Details of Chinese whistleblowers leaked online

Leaked files included names, addresses, phone numbers and letters sent to police chief

Chinese president Xi Jinping has made stamping out corruption one of his government’s primary aims

Chinese president Xi Jinping has made stamping out corruption one of his government’s primary aims

Tue, Apr 15, 2014, 01:00

A security glitch on the Shanghai police force’s website has allowed a huge amount of confidential information to leak online, including details about whistleblowers and others making complaints about the department, local media has reported.

The leaked files included names, home addresses, phone numbers and the letters whistleblowers sent to the police chief’s email address, the South China Morning Post reported.

The bulk of the files, which date back to August, were emails and photographic proof of alleged wrongdoing, and the information implicated police officers, the paper reported. The data was accessible to everyone for several days from at least Friday last week until earlier this week, when the server was shut down.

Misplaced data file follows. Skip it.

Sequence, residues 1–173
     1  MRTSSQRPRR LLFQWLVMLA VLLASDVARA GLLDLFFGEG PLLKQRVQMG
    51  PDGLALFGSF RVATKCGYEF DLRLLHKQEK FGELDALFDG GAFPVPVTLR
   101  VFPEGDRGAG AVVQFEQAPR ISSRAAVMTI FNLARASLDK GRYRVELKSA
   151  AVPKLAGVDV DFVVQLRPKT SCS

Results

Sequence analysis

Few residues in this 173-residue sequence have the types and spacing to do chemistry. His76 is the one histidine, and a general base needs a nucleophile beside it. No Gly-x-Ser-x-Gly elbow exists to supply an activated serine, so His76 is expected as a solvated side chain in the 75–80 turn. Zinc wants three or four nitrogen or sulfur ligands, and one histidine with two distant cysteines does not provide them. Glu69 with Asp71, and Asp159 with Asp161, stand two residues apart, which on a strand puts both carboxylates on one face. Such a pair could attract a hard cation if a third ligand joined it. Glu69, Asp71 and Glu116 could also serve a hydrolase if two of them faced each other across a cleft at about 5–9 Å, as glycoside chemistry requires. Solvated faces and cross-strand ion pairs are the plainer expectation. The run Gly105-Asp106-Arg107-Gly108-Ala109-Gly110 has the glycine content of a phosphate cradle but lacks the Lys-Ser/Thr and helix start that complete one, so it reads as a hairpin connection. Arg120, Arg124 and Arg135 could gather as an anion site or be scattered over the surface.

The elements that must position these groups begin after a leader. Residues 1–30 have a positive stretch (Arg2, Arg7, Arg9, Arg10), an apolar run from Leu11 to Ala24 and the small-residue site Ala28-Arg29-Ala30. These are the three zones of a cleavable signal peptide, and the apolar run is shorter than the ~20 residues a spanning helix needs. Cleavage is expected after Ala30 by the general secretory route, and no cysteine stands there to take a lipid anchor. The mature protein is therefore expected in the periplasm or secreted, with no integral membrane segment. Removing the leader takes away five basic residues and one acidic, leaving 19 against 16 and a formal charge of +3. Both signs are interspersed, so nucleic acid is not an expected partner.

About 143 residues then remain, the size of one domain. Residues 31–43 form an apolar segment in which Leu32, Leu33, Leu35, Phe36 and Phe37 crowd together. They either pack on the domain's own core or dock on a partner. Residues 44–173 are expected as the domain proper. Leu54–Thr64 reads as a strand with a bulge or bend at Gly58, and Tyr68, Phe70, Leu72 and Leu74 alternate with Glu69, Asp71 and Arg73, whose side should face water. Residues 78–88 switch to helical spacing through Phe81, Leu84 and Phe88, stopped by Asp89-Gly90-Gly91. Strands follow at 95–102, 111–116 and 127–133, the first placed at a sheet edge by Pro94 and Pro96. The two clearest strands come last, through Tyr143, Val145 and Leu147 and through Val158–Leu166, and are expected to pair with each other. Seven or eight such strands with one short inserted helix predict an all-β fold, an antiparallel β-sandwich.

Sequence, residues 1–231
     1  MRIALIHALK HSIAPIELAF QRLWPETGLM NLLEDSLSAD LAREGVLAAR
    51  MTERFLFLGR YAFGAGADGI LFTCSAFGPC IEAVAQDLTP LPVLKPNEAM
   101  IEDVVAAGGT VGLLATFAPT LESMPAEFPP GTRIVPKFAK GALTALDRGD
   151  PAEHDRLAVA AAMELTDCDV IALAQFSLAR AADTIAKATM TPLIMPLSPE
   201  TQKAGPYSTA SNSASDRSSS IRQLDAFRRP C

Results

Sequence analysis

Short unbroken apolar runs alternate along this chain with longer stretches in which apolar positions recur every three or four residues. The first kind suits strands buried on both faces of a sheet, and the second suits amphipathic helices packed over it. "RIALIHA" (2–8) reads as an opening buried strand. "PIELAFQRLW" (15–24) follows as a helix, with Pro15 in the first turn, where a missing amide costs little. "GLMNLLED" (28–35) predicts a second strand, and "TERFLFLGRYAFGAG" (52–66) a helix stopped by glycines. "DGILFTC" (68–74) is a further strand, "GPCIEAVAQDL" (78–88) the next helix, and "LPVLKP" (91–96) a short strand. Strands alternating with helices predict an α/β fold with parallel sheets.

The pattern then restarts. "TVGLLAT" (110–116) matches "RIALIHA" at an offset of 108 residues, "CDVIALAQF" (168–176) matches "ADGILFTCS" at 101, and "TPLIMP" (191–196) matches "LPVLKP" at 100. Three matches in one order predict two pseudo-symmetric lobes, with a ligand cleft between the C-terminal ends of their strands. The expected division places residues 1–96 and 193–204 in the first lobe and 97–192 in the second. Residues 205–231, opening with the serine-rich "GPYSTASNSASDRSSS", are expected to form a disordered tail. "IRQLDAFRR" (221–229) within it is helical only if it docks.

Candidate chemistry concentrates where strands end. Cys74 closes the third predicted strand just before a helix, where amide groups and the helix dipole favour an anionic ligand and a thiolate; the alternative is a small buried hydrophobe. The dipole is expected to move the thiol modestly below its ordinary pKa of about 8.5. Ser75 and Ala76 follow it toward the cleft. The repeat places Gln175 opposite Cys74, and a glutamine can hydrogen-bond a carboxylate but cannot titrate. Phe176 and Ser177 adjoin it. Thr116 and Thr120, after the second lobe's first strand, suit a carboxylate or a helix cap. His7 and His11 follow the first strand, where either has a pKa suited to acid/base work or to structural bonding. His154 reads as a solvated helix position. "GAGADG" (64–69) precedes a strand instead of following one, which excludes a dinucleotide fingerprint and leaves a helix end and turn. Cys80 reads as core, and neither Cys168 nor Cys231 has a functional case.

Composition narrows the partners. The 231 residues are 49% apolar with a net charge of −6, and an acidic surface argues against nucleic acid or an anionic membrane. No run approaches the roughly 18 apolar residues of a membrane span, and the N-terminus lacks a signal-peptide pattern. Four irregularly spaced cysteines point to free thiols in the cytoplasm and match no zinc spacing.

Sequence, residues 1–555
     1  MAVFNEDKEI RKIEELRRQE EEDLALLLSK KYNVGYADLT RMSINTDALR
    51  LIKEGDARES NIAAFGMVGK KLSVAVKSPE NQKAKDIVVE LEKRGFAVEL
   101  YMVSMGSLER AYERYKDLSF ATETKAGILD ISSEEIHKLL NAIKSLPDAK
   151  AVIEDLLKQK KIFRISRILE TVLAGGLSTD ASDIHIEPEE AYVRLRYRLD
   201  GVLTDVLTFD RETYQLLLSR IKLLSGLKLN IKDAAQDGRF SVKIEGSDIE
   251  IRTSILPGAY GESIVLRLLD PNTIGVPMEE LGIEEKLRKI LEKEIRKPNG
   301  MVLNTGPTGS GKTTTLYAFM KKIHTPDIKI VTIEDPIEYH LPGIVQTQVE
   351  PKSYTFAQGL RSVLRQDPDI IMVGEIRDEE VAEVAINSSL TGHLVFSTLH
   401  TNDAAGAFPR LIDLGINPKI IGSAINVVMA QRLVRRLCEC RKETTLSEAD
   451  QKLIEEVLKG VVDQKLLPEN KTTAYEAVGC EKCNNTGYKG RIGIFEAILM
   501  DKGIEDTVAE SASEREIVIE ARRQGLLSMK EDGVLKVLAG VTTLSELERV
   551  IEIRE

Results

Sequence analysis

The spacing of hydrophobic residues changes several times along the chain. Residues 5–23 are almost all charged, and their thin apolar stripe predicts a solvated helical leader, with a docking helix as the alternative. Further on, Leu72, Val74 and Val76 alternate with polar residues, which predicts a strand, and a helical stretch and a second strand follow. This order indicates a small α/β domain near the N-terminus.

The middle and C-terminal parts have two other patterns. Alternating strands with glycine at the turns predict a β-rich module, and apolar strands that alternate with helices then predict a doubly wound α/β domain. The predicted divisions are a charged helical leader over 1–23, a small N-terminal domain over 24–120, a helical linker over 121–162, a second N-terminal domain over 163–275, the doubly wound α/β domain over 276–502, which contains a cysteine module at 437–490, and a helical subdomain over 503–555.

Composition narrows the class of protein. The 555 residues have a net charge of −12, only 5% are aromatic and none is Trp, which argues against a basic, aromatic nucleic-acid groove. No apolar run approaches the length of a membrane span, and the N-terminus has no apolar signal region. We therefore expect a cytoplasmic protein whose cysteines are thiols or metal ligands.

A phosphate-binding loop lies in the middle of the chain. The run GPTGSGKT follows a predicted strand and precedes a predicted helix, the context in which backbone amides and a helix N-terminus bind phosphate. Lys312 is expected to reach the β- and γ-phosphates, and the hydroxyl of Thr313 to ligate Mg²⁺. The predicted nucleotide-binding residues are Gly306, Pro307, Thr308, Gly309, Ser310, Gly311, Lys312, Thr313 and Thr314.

“How could they do this to us?” said one man from the Minhang district of Shanghai.

“I hope the authorities can treat our reports more seriously by ensuring the informants are protected from such exposure.”

It is unclear how the leak happened but it is a major blow for the Shanghai police force’s efforts to encourage people to provide personal information online so that cases are handled in a timely way.

The website promised that all personal information would be protected.

Another woman, who accused the police of beating up members of her family, expressed her disappointment at the security breach.

“To disclose our information is like telling those police officers that I’m the whistleblower. I did my job, but apparently the police didn’t do theirs,” she said.


Complaint emails
Police said they received and responded to almost 1,300 complaint emails in the first two months of the year.

Getting Chinese people to reveal information about corruption and other offences is extremely difficult, as they are afraid they will be exposed and face official censure.

Chinese president Xi Jinping has made stamping out corruption one of his government’s primary aims.

By allowing Shanghai residents to inform online in a confidential way, the police hoped to gain the upper hand in combating corruption in police ranks, as well as in local government and other areas of authority.